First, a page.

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There are a variety of elliptic curves which are often used in cryptography for things like key exchanges. It seems it would be problematic if points on the elliptic curve can be periodic. What I mean is given starting point on the curve $P = (x,y)$. Can it be that there is some m such that $mP = P$? If there are, what are the requirements to find such a curve? I'm curious as to the behavior of points on a variety of elliptic curve and if you can find periodic points (and if there is a formula for finding such a thing).

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  • $\begingroup$ The security of the elliptic curve cryptography relies on the hardness of the discrete log on the Elliptic curve group. For secure groups the cost $\mathcal{O}(\sqrt{n})$ where $n$ is the order of the base point. Just use Curves over 200-bit to be secure. Like Curve 22519. The order of an element is inevitable since we use finite fields in Cryptographic Curves. $\endgroup$ – kelalaka Mar 7 '20 at 21:55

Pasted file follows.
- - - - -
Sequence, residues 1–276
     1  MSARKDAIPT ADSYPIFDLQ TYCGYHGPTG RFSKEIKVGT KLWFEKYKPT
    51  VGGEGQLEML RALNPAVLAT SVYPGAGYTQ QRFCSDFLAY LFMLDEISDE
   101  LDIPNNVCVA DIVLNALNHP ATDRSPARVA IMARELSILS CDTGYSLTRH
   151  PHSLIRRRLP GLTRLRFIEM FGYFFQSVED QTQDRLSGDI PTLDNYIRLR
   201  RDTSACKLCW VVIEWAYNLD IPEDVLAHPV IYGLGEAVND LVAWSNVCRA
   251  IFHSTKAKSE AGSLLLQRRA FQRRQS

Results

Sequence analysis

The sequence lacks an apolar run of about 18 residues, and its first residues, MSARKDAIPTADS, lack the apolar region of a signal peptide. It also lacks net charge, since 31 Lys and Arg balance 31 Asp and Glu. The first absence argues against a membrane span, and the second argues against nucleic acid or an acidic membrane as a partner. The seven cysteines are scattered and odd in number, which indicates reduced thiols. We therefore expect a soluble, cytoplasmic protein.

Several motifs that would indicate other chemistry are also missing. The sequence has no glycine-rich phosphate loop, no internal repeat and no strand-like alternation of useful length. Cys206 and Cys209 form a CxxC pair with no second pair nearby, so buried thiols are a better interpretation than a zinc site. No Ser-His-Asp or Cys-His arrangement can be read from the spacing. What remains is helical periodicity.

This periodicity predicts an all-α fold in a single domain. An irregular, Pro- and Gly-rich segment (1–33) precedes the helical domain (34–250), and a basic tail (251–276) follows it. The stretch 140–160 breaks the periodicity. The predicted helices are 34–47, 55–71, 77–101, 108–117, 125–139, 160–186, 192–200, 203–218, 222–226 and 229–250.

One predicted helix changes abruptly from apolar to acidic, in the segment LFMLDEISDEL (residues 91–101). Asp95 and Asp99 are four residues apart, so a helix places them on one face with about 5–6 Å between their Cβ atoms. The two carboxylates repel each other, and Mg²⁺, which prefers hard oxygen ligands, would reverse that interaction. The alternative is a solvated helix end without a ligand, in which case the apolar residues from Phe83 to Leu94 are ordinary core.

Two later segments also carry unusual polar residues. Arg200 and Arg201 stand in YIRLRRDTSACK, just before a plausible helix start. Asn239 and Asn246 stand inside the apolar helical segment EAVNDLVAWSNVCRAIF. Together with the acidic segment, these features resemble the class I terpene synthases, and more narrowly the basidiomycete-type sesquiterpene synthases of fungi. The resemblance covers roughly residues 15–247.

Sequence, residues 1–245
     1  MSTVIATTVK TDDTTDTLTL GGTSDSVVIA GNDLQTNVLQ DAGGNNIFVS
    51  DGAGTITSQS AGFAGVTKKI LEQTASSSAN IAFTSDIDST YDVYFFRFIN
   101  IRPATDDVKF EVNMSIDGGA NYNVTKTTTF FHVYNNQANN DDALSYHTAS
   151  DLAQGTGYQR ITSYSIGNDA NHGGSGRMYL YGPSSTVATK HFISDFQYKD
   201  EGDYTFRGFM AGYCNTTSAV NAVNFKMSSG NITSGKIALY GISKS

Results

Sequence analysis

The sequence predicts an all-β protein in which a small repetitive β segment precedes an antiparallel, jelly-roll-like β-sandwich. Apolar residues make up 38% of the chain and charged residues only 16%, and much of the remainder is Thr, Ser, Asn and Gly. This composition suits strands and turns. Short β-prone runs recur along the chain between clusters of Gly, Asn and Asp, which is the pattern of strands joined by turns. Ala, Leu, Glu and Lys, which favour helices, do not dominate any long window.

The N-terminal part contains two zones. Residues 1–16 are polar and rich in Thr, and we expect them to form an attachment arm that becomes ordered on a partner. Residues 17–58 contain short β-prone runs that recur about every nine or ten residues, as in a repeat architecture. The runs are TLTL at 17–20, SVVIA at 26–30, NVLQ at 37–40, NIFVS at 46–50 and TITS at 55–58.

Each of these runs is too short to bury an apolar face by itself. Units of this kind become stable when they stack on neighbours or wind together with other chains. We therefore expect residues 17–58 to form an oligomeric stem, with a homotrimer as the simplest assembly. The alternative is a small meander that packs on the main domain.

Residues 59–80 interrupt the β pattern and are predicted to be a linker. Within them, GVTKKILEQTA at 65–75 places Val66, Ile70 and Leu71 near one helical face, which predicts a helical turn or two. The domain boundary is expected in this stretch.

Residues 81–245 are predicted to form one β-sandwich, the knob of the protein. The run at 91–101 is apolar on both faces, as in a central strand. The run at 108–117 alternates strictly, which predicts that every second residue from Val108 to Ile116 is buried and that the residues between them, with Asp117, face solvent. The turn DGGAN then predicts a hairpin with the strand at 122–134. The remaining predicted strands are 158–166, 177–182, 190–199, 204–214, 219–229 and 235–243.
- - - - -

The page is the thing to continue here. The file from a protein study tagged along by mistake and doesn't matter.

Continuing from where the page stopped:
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If $mP=P$, then $(m-1)P = \mathcal{O}$, so $P$ is a torsion point of order dividing $m-1$. Depending on the field of definition of your elliptic curve, you can find torsion points of various orders. For example, over $\mathbb{Q}$, you can find torsion points of order $m-1=1,2,3,4,5,6,7,8,9,10$, and $12$.

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  • $\begingroup$ Are there fields where we do not have this property? As in, depending on my choice of elliptic curve I am safe on picking any point and not ending up with a period point? $\endgroup$ – user757611 Mar 7 '20 at 21:38
  • $\begingroup$ If the field of definition is finite, then all points are torsion points. If the field of definition is the rationals or a number field, then yes, you can pick elliptic curves that do not have any torsion points. $\endgroup$ – Álvaro Lozano-Robledo Mar 9 '20 at 0:47

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